SolarStratos Makes First Flight

Dean Sigler Electric Powerplants, Solar Power, Sustainable Aviation 0 Comments

SolarStratos, a feather-light 450 kilogram (990 pound), solar-powered airplane, lifted off for the first time on May 5 in Payerne, Switzerland.  Considering its 24.9 meter (81.69 feet) wingspan, the airplane shows designer Calin Gologan’s ability to squeeze performance from every gram of structure.  It flies nicely, too, with test pilot Damian Hischier enthusing, “The plane is very nice to [fly].  [Its] reactions are healthy, and we see that it was well designed.” Sharing Payerne Airport with Solar Impulse, SolarStratos represents a different kind of adventure, ready to make five-hour flights to 75,000 feet (two hours up, five hours down).  Such flights can carry a pilot and scientific measuring equipment, or for those lucky enough to have the price of admission, …

Solar Impulse Pilot Andre’ Borschberg to Speak at SAS 2017

Dean Sigler SAS, Solar Power, Sustainable Aviation 0 Comments

One of two pilots who guided Solar Impulse around the world will speak at the 2017 Sustainable Aviation Symposium.  Andre’ Borschberg, having accomplished along with Bertrand Piccard an extraordinary voyage, uses his reputation and celebrity to educate the world that the “Future is Clean,” a watchword for the team’s ongoing efforts. Last November, for instance, Bertrand Piccard “launched the World Alliance for Clean Technologies under the umbrella of the Solar Impulse Foundation – a second phase in the realization of his vision that clean technologies can accomplish impossible goals and solve many of the challenges facing our society today.” In the meantime, Andre’ uses his engineering talents and perspective to bringing about practical outcomes derived from his and Bertrand’s experiences.  Because …

Solar Impulse 2 Batteries – Better than We Thought

Dean Sigler Batteries, Solar Power, Sustainable Aviation 0 Comments

What happened to Solar Impulse 2’s batteries on those long five days and nights over the Pacific?  It took months of enforced downtime in Hawaii to have new batteries made, sent from Korea, installed, tested, and flown again.  Could the plane have completed the flight on the original batteries? Kokam, manufacturer of the airplane’s cells, has released new information that provides details of the drive system and relieves a few lingering anxieties.  An over-riding concern was that batteries overheated on the Japan to Hawaii part of the mission, topping out at 50 degrees Centigrade (122 degrees Fahrenheit) – above their design temperature.  Your editor has thought deeply about what Andre’ Borschberg must have gone through every day of the five …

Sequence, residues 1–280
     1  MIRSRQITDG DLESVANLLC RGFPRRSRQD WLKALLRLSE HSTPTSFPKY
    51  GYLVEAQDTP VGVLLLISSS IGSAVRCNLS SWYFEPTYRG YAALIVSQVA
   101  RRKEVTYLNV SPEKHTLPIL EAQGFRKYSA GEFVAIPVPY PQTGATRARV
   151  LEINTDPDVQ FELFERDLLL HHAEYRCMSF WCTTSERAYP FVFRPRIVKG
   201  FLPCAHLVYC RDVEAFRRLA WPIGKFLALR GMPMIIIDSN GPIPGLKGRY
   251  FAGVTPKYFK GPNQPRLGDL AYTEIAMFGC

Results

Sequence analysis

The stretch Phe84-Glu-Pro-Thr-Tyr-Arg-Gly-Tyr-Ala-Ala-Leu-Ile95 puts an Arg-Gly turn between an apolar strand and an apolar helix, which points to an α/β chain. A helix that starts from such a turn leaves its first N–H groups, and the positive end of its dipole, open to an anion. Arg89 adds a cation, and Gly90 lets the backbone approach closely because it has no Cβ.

Solar Impulse Makes a Final Landing

Dean Sigler Solar Power, Sustainable Aviation 0 Comments

Bertrand Piccard closed out the over-year-long endurance test of man and machine, landing in Abu Dhabi, the United Arab Emirates, where the 17-leg journey began over a year ago. Landing at night in the glow of the Sheikh Zayed Grand Mosque Center, the largest mosque in the UAE, and greeted by fellow pilot Andre’ Borschberg, the project’s sponsor HSH Prince Albert of Monaco, and a large throng in western and Middle Eastern garb, the flight climaxed not only an aerial adventure, but an opportunity to share multiple cultures and teach thousands of children and youth about alternative energy and the way to a green future for all. Whether the promises made at the United Nations and at COP21 in Paris …

Solar Impulse Word of the Day – Penultimate

Dean Sigler Solar Power, Sustainable Aviation 0 Comments

Headlines all over the world are sharing the word of the day – penultimate, meaning the next to the last* – in this case the next to last flight for Solar Impulse 2. The Guardian newspaper explained, “After setting off from Seville on Monday morning, the plane passed through Algerian, Tunisian, Italian and Greek airspace, and flew over the Giza Pyramids before touching down at Cairo airport at around 7.10am (5.10am GMT). Its support crew cheered as the plane, no heavier than a car but with the wingspan of a Boeing 747, landed, and trailed after it on bicycles.” Which brings up a question – why are the guys on foot outrunning the guys on the expensive electric bicycles? Certainly, …